Monday, August 4, 2014

Champions of Change

In this update blog, Gargi pulls from her final project report to explain many of the new alterations to the Safe Home and Outreach programs. You can read about some of the initial developments in her first guest post.

The past month at TTL was all about changes. Target, Train, Track, Test - the 4 T's and public health mantra for implementing change - helped guide the recent programmatic developments. Of course, changes are not always welcome, but the case is different for TTL where staff welcome changes in the best interest of the children they serve.  If public health experts have their 4 Ts, then TTL has its 4 Cs: Care, Connect, Change, Champion. We witnessed all of these in recent weeks.

Improving nutrition in the Safe Home

Often the only sign of severe acute malnutrition (SAM) in children is appetite loss or reduction. Their shrinking bodies experience a disruption in metabolism that interferes with their appetite, which may lead to further starvation and death.

Fortunately, appetite loss is easy to identify. All it takes is a spoonful of peanut butter and a little patience. 

Using this basic appetite test, if the child eats a ‘good’ amount of peanut butter he or she passes the test and can be fed normally in the Safe Home. A failed appetite test indicates a need for more intensive medical therapy before 'food therapy,' and the child goes to the District Hospital with convincing evidence of metabolic distress. There he or she can receive appropriate medical support before returning to the Safe Home for round-the-clock care.

The Safe Home Supervisor implemented this appetite last month and now uses it diligently for all incoming clients.

Focusing on growth and development

As TTL staff had already received nutrition training, we determined which areas needed strengthening based on a role-specific assessment. From their responses, Outreach staff were trained on using aids to counsel caregivers on child growth and development, and the Safe Home staff were introduced to an enhanced monitoring and evaluation (M&E) system for recording food intake and health danger signs.

In the Outreach training we emphasized educating caregivers on the developmental milestones of child growth. With the help of counseling cards, Outreach staff learned to help caregivers assess whether their child’s development was on track and to provide examples of activities that support age-specific development.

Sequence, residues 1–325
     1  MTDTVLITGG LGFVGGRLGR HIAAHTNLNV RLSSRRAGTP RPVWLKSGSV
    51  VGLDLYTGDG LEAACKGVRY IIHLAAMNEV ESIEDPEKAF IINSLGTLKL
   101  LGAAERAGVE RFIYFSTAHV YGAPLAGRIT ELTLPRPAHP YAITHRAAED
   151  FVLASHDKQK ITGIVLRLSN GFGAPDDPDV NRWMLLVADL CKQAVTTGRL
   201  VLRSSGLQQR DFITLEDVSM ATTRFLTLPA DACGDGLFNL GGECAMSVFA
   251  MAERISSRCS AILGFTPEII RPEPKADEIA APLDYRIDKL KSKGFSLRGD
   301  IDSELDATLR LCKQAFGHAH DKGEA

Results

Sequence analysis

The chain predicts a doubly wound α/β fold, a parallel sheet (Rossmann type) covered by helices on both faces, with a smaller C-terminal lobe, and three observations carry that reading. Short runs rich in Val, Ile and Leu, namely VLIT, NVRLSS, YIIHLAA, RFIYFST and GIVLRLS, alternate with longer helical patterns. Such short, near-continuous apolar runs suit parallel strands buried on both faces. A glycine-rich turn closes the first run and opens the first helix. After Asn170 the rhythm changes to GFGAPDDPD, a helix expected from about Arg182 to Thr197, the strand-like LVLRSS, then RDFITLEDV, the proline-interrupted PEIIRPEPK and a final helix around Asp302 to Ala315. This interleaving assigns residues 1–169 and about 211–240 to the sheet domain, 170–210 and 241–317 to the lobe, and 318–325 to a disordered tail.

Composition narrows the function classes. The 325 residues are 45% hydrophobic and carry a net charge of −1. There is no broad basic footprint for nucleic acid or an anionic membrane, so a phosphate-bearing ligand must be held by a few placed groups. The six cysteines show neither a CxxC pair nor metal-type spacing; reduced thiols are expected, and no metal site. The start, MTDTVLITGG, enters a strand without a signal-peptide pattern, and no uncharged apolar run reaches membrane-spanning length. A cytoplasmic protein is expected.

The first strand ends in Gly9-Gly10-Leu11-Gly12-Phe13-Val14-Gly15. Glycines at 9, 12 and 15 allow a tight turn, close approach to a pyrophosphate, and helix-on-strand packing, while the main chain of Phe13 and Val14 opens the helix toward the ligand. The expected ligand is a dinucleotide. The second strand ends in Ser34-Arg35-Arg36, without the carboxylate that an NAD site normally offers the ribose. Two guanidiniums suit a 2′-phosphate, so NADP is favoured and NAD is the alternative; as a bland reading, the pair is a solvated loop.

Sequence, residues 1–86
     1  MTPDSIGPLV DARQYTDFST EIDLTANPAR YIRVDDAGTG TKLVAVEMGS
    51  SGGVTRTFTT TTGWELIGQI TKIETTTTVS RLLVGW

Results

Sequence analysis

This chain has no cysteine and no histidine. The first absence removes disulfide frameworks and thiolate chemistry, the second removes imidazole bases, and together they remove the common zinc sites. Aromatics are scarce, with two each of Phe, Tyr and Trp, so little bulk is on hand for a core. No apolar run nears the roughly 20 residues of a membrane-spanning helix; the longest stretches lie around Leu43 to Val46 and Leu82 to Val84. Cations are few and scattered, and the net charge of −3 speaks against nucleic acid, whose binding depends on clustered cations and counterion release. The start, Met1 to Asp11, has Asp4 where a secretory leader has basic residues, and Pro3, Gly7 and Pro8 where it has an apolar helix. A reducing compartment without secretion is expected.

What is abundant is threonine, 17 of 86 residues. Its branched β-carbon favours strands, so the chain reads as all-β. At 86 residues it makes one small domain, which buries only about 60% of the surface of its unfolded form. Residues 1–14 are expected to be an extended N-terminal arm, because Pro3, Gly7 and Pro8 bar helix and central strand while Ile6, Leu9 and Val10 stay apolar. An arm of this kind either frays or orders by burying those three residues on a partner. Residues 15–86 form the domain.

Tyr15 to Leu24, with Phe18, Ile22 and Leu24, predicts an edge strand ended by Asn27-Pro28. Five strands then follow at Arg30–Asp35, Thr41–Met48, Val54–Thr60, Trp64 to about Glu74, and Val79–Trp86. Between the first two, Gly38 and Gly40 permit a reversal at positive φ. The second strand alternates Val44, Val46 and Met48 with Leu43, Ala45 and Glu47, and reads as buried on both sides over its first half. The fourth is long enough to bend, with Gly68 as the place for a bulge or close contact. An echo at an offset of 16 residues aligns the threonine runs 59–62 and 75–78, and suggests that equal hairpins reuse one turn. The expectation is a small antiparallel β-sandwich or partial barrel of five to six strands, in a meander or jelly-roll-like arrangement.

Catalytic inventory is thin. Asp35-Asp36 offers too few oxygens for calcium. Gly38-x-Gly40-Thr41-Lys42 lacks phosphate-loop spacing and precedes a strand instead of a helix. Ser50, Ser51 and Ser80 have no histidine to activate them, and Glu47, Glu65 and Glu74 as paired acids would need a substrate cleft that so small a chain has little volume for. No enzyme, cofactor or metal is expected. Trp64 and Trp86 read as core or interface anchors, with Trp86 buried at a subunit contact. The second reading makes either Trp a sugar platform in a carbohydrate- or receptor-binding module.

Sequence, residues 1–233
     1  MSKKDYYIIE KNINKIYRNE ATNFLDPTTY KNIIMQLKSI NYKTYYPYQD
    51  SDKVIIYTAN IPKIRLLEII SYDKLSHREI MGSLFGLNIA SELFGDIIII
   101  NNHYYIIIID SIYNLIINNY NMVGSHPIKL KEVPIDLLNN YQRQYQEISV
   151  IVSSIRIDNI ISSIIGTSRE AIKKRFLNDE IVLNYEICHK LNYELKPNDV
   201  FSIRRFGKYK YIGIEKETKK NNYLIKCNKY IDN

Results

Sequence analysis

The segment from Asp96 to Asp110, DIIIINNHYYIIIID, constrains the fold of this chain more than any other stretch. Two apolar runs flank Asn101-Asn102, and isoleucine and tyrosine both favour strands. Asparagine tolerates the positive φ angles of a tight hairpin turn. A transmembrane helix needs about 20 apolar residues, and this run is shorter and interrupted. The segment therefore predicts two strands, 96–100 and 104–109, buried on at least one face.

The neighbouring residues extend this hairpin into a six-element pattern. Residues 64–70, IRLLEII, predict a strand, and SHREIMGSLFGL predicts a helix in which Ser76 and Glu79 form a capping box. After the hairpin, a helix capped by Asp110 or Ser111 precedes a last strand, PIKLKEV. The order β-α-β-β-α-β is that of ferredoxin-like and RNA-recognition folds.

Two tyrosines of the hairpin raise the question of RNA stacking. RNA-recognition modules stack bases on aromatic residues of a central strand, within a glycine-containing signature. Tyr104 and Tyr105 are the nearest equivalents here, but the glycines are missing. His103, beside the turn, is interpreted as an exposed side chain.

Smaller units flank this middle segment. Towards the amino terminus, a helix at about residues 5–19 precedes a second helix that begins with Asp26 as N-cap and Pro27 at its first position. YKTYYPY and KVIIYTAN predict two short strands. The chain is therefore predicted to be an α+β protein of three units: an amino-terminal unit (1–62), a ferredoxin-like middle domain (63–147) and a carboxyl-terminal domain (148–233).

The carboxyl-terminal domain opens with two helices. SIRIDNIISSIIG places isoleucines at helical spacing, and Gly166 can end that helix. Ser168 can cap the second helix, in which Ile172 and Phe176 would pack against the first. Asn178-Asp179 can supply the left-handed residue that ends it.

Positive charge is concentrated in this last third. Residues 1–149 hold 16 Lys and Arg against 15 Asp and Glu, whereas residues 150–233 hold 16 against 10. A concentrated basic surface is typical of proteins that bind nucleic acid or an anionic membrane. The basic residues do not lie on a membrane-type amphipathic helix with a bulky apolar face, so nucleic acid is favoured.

Similarly, for tracking Outreach client growth we introduced growth monitoring charts to plot the child's weight each month. The charts show the client's trajectory of growth over time and allow comparison against a normal growth curve. One Outreach worker also suggested pinning the growth charts on the walls of each client’s house so that caregivers could compare ‘how their child is growing’ to ‘how their child should grow.

Everyone agreed that instead of discussing weights in arbitrary numbers, a visual aid (with spikes, plateaus, and dips in the child's weight) would aid discussion to identify episodes of illness or other reasons for the lack of weight gain. TTL staff could then tailor their counseling to address specific issues - whether diarrhea management, using TTL food parcels for optimum child feeding, or the importance of hygiene & sanitation. Eager to use the growth charts, some Outreach staff have started plotting weights of children in the Safe Home and are practicing their counseling skills on the Safe Home caregivers!

For the Safe Home training we took a slightly different approach. With the help of two Sesotho-speaking interns, we conducted a quick survey among the 13 caregivers to understand the difficulty and amount of time spent on record-keeping during day and night shifts. Overall, we found that Safe Home caregivers understood the importance of record-keeping and did not find it burdensome. They all reported that maintaining daily records, whether it was detailed observations of a client's behavior or noting every time a diaper was changed, was easy. The only time-consuming or difficult activities were feeding fussy eaters or attending the doctor’s questions during health check-ups. (Of course the favorite activity was playing with the kids!) Encouraged by the survey results, we then piloted new M&E forms to monitor individual food intake and health danger signs.

In their monthly meeting, the caregivers discussed activities that some of them found difficult: for example, strategies to feed fussy eaters and time management tips to avoid wasteful activities. During this peer learning exercise, we oriented them to the new forms, which contain additional monitoring steps to provide more expert support to the Safe Home clients. The caregivers have already started charting individual food intake and health parameters flawlessly! They even reported that they now feel as knowledgeable as the hospital nurses. And should any problems arise, they know they can just ask each other for help.

Guest post by Gargi Wable, Nutrition Consultant for TTLF, who recently finished up work for a TTL grant from UNICEF.


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